Intel will have a leadership position in tablets. The 22nm "Bay Trail" platform is scheduled to be released in 2H 2013 where it will compete with 28nm designs from Qualcomm (NASDAQ:QCOM), Nvidia (NASDAQ:NVDA), Samsung (OTC:SSNLF), and others. Intel is also bringing "Bay Trail" to Android, so in addition to having a near monopoly on Windows 8 tablets (AMD (NYSE:AMD) is throwing its hat into the ring here, too), it will encroach onto the Android tablet space. This is in addition to the "Ultrabook convertible" initiative in which the higher end "Core" series of products is expected to play in the high end of the tablet space while offering substantially more performance than either the best Atoms or the best products from the ARM (NASDAQ:ARMH) camp.
However, in the phone space, Intel still needs to keep pushing in order to see US based design wins. The apps processor part of the equation is not the problem -- having an ARM license wouldn't really "help" and would probably actually be a significant detriment since Intel can do better. The problem here is with the Infineon division. Intel's LTE solution won't really be ready until later in 2013, which means that LTE-enabled phones won't be announced until Mobile World Congress 2014.
The Stock: Some Thoughts
It's pretty clear that Intel has been a terrible investment over the last 6 months or so. People are so fixated on Intel "missing" mobile that they conveniently ignore the following facts:
- Datacenter (high margin, high ASP, growing units) will be a major force in driving top and bottom line growth, especially at 50% operating margin
- The PC industry, as the "PC" and "Tablet" segments merge will become a source of nice growth for Intel in the long run
- The manufacturing lead will likely lead to lucrative small foundry deals that take care of any "excess capacity" that comes up in the future
That being said, in the near term, things don't look good for the stock, and I believe that new investors should either sell puts ($20 - $21 strike) or wait for the stock to break the $21 level to start scaling into a position. The sentiment is likely going to be sour around Intel and the PC space in general for the next week or two, so at the very least, exercise extreme caution in establishing a position.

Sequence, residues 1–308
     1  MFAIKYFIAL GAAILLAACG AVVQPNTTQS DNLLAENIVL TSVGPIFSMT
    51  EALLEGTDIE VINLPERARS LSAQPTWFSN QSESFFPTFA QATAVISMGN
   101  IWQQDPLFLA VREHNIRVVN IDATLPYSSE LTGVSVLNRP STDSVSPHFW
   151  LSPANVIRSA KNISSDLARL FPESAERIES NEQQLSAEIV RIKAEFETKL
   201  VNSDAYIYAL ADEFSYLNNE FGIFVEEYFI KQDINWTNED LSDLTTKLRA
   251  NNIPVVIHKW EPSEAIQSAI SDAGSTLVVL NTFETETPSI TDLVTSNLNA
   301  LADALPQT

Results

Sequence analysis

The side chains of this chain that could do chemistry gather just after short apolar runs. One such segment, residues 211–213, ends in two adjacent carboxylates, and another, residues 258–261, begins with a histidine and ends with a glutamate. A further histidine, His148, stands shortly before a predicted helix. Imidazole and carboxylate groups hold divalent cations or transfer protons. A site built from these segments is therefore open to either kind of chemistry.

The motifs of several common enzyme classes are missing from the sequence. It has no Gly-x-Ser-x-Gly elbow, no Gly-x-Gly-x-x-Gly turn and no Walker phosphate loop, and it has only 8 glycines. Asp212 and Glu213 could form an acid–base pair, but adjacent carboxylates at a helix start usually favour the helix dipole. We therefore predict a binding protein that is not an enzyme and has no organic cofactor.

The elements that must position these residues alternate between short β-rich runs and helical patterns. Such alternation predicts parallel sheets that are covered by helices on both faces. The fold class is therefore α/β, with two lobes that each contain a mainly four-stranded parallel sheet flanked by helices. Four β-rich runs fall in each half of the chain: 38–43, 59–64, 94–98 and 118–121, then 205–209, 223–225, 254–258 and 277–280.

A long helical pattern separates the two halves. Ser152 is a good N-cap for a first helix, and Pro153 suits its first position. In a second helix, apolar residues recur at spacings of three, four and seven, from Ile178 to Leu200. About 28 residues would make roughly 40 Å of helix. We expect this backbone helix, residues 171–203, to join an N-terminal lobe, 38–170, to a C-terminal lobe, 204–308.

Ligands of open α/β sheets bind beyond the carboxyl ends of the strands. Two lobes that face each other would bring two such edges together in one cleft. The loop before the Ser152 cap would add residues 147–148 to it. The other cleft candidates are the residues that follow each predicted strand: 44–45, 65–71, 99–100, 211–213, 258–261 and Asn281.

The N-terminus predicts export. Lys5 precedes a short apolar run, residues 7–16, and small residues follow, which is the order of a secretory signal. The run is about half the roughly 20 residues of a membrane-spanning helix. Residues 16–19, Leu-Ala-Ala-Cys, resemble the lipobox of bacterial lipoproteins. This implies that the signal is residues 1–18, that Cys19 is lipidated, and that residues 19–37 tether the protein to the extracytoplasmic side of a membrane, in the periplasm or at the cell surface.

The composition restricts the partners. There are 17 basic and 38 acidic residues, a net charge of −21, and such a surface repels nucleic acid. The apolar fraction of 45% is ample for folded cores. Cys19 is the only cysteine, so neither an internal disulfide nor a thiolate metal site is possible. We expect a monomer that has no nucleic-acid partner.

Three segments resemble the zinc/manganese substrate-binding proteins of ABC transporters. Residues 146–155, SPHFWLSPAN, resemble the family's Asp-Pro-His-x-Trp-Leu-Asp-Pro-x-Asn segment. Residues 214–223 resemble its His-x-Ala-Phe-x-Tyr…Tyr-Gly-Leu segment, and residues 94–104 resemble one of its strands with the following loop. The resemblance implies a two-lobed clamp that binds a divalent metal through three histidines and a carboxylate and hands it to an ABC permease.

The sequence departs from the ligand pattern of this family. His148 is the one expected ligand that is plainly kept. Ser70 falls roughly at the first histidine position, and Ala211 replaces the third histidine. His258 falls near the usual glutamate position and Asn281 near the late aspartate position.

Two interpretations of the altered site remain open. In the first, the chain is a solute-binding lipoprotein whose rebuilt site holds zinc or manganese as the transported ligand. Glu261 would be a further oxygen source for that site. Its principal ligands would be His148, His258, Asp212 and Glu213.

In the longer term (1-2 years out), Intel will be fine -- the foundation that the company is laying today will pay off very nicely in the future, and it is still important to note that Intel is still the most profitable semiconductor company on the planet. However, for those of you with shorter-term expectations, I would not recommend buying shares today with the expectation of a large bounce over the next week or two. The knife could still very well continue "falling," so it is absolutely critical that if you're buying the stock, you're buying it with the expectation that things don't get "really good" until 2H 2013.
If you are tempted to try catching the knife, do either one of the following:
- Sell puts at a good entry point a couple of months out. Best case, you get to collect the premium and are not assigned the shares. Worst case, you get the shares at strike - premium.
- Wait for the downgrades to come in, and start buying on each "leg down." Under $21 is a great place to start building a position, and at $19, the dividend yield is great AND the stock has strong multi-year support at that level.
However, keep in mind that sentiment around the stock will be ugly, and so the stock may be prone to miss out on many broader rallies.
Additional disclosure: I am long $ARMH puts